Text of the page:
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December 13, 2018

Citing convenience, millennials opting for urgent care over primary care

Telemedicine, retail clinics also popular services

Adult Health Millennials
Millennials_urgent_care_primary_care John Kopp/PhillyVoice

Chelsea and Nick Defabo, of Scranton, said they visit their primary care providers for preventative measures. But when they fall ill, they tend to visit one of the many urgent care facilities near their home.

When Dr. Daniel J. Hyman began his career as a family care physician nearly two decades ago, patients would wait outside his office for hours to receive treatment for acute issues.

"They would line up first-come, first-serve – no appointments," said Hyman, now the head of Cooper University Health Care's division of general internal medicine. "People would wait three hours at a time. That doesn't happen any more."

In a world where so many services are just a click away, fewer people are willing to wait several hours – if not days – to see a primary care provider when they fall ill or develop another acute health issue. That's particularly true of millennials, who are highly likely to avoid primary care providers altogether.

Some 45 percent of adults aged 18 to 29 do not have a primary care provider, according to a Kaiser Family Foundation survey conducted in July. No other age demographic topped 28 percent.

Instead, millennials are opting to visit urgent care centers, which allow for quicker access and often cost less than emergency room visits. Retail clinics, like those within CVS and RiteAid stores, and telemedicine also are popular.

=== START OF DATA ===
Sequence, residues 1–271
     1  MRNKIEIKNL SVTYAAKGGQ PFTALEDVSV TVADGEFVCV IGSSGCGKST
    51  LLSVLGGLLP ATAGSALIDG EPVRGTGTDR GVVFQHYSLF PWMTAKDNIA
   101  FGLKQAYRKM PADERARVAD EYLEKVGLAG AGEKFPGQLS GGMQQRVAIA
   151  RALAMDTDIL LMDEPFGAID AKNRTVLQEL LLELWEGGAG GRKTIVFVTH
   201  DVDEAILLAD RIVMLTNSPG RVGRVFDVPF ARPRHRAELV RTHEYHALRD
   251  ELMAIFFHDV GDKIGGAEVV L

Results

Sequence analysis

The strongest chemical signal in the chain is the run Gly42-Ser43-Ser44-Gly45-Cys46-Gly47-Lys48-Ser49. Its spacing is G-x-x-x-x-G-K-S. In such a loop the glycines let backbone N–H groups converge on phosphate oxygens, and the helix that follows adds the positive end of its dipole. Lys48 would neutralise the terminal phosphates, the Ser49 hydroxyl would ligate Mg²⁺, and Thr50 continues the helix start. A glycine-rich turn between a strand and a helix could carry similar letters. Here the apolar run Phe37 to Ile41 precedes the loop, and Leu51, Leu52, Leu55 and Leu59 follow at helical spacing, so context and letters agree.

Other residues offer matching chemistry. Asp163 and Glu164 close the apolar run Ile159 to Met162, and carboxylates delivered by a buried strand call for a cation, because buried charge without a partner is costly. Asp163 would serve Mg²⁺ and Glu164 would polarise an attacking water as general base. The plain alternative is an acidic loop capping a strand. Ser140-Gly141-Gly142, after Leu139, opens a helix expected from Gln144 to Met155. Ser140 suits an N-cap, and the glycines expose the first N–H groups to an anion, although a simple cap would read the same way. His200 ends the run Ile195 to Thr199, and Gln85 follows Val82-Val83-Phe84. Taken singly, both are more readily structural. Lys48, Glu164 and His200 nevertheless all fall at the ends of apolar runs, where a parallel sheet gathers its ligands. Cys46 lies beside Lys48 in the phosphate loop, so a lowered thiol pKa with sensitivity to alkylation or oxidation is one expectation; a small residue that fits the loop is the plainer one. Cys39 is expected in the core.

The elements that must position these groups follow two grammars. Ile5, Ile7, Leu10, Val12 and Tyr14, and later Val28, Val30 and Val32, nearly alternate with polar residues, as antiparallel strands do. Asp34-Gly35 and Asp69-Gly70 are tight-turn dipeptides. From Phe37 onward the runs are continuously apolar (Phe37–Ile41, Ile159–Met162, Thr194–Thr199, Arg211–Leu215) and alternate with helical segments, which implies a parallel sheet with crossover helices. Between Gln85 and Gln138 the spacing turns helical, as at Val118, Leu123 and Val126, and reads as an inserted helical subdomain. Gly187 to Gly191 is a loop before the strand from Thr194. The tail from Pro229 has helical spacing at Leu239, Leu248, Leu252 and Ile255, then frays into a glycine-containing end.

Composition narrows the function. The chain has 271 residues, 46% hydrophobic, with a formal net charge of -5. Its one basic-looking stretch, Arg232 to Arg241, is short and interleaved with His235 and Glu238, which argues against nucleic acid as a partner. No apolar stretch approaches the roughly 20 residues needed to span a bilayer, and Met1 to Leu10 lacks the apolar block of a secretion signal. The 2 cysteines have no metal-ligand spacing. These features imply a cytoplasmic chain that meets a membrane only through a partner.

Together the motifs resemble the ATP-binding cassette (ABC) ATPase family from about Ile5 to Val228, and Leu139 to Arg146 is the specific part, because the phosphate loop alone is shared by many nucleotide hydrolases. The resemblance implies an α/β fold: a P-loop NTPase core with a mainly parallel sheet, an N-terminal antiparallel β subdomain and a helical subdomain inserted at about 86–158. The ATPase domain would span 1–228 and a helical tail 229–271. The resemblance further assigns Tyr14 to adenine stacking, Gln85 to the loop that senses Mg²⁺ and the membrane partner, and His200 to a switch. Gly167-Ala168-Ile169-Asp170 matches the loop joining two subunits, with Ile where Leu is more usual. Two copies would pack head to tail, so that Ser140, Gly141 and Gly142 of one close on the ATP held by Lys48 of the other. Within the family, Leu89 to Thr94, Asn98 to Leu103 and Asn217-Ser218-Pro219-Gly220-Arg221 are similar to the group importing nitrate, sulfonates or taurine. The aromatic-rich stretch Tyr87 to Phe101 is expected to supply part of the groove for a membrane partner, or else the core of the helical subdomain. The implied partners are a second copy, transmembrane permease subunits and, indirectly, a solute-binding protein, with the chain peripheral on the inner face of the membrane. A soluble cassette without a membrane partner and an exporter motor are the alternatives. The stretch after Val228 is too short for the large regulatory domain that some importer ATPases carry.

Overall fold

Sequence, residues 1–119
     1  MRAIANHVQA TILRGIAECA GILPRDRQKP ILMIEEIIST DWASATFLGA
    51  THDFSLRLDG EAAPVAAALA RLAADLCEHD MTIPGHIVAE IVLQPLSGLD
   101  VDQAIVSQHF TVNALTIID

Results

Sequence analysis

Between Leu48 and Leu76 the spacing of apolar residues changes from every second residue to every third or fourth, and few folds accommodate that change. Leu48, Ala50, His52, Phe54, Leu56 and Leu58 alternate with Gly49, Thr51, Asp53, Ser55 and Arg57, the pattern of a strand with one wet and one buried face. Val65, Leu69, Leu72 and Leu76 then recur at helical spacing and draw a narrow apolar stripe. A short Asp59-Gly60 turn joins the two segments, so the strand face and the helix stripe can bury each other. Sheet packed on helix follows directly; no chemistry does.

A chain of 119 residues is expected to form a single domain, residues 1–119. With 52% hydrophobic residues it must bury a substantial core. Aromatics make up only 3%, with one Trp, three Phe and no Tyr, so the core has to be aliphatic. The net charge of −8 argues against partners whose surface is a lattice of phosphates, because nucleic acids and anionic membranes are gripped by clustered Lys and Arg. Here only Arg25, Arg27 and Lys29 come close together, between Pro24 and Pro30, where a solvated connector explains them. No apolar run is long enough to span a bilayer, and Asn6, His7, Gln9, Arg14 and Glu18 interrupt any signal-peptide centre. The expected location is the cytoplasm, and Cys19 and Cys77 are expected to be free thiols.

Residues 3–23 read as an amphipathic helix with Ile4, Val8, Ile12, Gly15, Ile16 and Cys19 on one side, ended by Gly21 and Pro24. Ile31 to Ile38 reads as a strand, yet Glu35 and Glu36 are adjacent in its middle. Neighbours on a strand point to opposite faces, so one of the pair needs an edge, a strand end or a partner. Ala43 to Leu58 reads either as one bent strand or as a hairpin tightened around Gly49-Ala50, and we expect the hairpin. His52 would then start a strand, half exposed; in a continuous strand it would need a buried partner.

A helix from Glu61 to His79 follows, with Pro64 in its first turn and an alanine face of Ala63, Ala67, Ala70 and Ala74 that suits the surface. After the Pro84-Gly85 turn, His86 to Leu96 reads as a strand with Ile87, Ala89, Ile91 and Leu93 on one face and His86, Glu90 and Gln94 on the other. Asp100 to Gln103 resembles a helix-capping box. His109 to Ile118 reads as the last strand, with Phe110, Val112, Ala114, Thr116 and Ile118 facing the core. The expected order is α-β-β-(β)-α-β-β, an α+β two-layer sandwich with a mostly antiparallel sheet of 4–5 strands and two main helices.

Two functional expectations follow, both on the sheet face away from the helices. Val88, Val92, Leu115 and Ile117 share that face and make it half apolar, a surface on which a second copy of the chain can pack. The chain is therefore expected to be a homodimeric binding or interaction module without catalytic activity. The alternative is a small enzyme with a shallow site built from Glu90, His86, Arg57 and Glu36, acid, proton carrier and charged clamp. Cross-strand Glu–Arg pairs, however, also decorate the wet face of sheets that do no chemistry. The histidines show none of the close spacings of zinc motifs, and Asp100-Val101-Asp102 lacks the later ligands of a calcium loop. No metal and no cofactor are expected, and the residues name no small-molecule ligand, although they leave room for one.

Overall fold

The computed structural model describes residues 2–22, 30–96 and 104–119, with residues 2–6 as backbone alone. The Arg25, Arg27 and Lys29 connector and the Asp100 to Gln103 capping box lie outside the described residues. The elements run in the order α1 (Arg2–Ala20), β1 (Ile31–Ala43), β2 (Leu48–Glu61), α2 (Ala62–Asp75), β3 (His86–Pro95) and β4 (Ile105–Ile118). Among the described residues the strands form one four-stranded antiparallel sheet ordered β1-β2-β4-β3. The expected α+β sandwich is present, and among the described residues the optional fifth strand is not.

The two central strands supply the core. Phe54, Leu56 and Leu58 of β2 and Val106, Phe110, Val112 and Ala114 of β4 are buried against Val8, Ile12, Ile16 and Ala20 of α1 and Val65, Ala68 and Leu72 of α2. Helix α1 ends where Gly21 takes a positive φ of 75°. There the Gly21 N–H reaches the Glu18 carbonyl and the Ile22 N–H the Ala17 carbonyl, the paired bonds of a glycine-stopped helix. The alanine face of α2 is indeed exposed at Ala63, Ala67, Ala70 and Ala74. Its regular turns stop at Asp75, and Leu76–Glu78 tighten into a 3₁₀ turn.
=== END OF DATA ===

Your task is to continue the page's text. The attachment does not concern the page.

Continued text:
Compared to primary care providers, those services better align with the values many millennials hold most dear – convenience, efficiency and affordability.


Dr. James Flowers

"They don't feel like they need a doctor," said Dr. James Flowers, medical director of Cooper's urgent care. "When they do get sick, they want to be seen right away. We're here 7 days a week – weekends, holidays. They just come right in. Sometimes, it's hard for them to get in to see their primary care doctor."

Indeed, first-time patients waited an average of 24 days to see a primary care provider last year, according to a Merritt Hawkins survey of 15 large metropolitan areas. At 17 days, the wait time in Philadelphia was only a bit shorter.

Tellingly, the number of urgent care centers increased by 5 percent across the United States last year, according to U.S. News & World Report. That's indicative of a decade-plus trend: In urban areas, urgent care insurance claim lines grew by 1,675 percent between 2007 and 2016. And the increase was even higher in rural areas – a staggering 2,308 percent.

Millennials are among the biggest drivers of that trend. Adults between 31 and 40 – a group that includes the oldest millennials – totaled the highest percentage of urgent care claims in 2016. Adults between 23 and 30 ranked third.

"The urgent care centers are just booming because of the efficiency and the quick turnover they can do for these things that don't need ER visits, for the most part," Hyman said. "But they don't have access to their primary care doctor."

Chelsea and Nick Defebo, of Scranton, said they each see a primary care doctor for physicals and other preventative measures. But when they fall ill, they tend to visit one of the many urgent care centers near their home.

Chelsea said she visited urgent care last winter when she developed strep throat. Within 15 minutes, a doctor had prescribed an antibiotic and she was on her way home, praising the convenience. Nick has been treated for head colds and an abscessed tooth, among other issues.

Daniel_Hyman_CooperSource/Cooper University Health Care

Dr. Daniel J. Hyman

"I go there all the time," Nick, 29, said. "It's my second home."

Millennials are at "an interesting time" in their lives, according to Dr. Kyle Bardet of Jefferson Family Medicine. Many have graduated from college in recent years, moved to Philadelphia and started new jobs. They have yet to seek out a new primary care doctor in their new city, even as they transition off of their parents' health insurance plans.